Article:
Wlliam Gilmore Simms
Subject time periods
Spanish Colonial HistoryAncient HistoryFrench Colonial History
Medieval HistoryEarly Modern HistoryBritish Colonial History
Revolutionary HistoryEra of the Early RepublicAntebellum Period
Civil War and Early Reconstruction
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Confession; or, The Blind Heart. A Domestic Story.

Confession; or, The Blind Heart. A Domestic Story.

Novel (Romance) | Lea and Blanchard | 1841
            Building out of his early experiences with writing in the psychological gothic mode in such texts as Martin Faber (1833) and Carl Werner (1838) and anticipating his later work Castle Dismal (1844), William Gilmore Simms published Confesssion; or, The Blind Heart in 1841.  Coming at the front of what many consider to be the author’s most productive period, this novel is the extended confession of Edward Clifford who is orphaned at a young age and sent to be reared by his aunt and uncle in Charleston.  Rising above his foster parents’ scorn, Clifford becomes a lawyer, a prominent citizen, ...
Father Abbot, or, The Home Tourist; a Medley

Father Abbot, or, The Home Tourist; a Medley

Journalism | 1849
           Father Abbot collects together a series of related political fictions Simms wrote for the Charleston Mercury from September to November 1849.[1]  Here, the author revealed his significant wit and complex thinking about social, political, and philosophical issues through the perambulations of the titular Father Abbot about Charleston and its environs.  As Father Abbot travels around the city with various companions, its economic and political future are discussed; this conceit allowed Simms to use his satirical gifts to create a humorous, yet biting, commentary on the socioeconomic ...
The Lily and the Totem, or, The Huguenots in Florida

The Lily and the Totem, or, The Huguenots in Florida

French Colonial History | Novel (Romance) | Baker and Scribner | 1850
                While it largely fell out of the public consciousness after the author’s death, Simms’s The Lily and the Totem is one of his most intriguing works, both because of its overall quality and its experimentation with the possibilities of mixing history and fiction.  While The Lily and the Totem is a story of French Huguenots in sixteenth-century Florida, it is not, importantly, a historical romance.  Rather, Simms here experimented with a new way in which to relate history—by telling history through fictionalized narratives that fill in the gaps between what we do and do ...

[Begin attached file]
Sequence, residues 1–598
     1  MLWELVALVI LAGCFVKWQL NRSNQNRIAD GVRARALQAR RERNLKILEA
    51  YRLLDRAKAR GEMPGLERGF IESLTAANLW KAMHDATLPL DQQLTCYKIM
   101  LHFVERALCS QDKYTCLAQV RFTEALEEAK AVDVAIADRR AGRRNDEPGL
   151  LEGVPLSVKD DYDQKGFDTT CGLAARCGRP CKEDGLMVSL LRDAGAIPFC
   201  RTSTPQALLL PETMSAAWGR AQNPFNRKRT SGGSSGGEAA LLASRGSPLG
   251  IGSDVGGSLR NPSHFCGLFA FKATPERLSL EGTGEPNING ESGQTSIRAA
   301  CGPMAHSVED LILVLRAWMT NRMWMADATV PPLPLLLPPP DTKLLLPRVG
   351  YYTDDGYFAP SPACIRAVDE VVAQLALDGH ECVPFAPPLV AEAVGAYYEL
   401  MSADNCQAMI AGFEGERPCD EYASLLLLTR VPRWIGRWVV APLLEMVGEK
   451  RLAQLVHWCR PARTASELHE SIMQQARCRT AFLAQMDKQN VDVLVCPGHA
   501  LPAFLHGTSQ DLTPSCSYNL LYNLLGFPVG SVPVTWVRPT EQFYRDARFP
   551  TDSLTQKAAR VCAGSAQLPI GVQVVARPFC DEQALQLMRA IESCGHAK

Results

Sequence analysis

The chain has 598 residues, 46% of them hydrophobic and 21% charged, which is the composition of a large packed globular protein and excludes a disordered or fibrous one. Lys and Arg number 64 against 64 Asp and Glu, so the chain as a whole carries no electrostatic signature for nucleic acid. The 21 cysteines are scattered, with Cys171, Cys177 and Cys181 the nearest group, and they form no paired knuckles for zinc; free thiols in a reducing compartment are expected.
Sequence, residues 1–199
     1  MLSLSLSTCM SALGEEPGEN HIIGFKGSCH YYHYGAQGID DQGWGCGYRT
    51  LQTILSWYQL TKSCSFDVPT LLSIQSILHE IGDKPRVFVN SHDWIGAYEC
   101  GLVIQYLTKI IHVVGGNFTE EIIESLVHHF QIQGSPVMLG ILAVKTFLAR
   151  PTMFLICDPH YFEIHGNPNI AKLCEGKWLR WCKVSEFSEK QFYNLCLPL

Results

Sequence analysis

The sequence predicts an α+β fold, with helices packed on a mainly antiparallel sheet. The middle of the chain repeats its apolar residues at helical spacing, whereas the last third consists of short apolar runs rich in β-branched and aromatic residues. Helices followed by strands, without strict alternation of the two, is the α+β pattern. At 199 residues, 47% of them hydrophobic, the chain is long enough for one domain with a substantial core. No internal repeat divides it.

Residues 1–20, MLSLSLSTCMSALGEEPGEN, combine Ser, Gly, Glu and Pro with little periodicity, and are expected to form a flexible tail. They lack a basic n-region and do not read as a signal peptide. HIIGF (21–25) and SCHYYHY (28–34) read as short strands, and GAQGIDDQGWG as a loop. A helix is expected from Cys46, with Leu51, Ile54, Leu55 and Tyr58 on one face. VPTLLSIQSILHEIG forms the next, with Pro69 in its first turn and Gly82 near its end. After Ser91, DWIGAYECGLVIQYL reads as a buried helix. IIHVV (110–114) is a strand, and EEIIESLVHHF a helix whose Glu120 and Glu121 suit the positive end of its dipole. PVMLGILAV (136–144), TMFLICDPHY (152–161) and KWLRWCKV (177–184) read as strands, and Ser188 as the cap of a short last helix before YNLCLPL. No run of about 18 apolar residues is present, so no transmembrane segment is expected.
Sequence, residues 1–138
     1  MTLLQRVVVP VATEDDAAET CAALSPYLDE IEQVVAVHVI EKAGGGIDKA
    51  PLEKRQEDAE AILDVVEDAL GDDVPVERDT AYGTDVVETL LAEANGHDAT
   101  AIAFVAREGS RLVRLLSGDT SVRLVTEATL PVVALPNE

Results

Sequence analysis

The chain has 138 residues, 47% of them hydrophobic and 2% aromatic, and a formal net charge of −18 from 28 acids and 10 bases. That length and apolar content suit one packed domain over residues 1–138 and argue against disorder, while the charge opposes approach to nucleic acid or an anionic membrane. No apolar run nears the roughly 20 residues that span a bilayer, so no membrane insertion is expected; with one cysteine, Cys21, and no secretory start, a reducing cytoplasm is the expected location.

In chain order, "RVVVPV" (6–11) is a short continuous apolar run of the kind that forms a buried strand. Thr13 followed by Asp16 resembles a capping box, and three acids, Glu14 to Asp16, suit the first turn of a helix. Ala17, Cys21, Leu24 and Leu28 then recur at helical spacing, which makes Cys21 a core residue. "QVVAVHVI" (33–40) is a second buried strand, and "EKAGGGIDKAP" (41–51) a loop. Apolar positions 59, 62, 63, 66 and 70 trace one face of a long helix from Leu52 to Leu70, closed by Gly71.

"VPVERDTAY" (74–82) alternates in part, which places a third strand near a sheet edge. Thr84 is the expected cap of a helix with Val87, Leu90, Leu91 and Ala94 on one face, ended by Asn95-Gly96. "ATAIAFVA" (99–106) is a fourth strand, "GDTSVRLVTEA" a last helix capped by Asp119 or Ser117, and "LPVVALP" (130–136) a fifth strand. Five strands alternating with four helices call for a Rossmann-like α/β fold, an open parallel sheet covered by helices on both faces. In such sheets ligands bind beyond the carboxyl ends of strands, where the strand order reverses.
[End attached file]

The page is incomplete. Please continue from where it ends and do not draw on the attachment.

Count Julian; or, The Last Days of the Goth

Count Julian; or, The Last Days of the Goth

Medieval History | Novel (Romance) | William Taylor & Co. | 1845 - 1846
                While generally considered to be one of Simms’s weakest novels, Count Julian; or, the Last Days of the Goth provides one of the most intriguing textual histories of any of the author’s numerous works.  Conceived as a sequel to Simms’s 1838 novel Pelayo, Count Julian continues Simms’s fictional treatment of Medieval Spain, dramatizing the legendary betrayal of Julian, Count of Cueta, an act that helped lead to the Muslim conquest of Iberia.  The work suffered from multiple delays in both composition and publication and was not published until 1845 or 1846, more ...
The Life of the Chevalier Bayard

The Life of the Chevalier Bayard

Medieval History | Biography | Harper & Brothers | 1847
           For Simms, it was in a time “when chivalry was at its lowest condition in Christian Europe,” that the Chevalier Bayard provided the world, “the happiest illustration, in a single great example, of its ancient pride and character,” and “the most admirable model to the generous ambition of the young that we find in all the pages of history.”[1]  Simms wrote The Life of Chevalier Bayard, a biography of the late-medieval French knight, to serve as an archetype of virtue for Americans.  In 1845, Simms had written two articles on Bayard for Southern and Western[2], and ...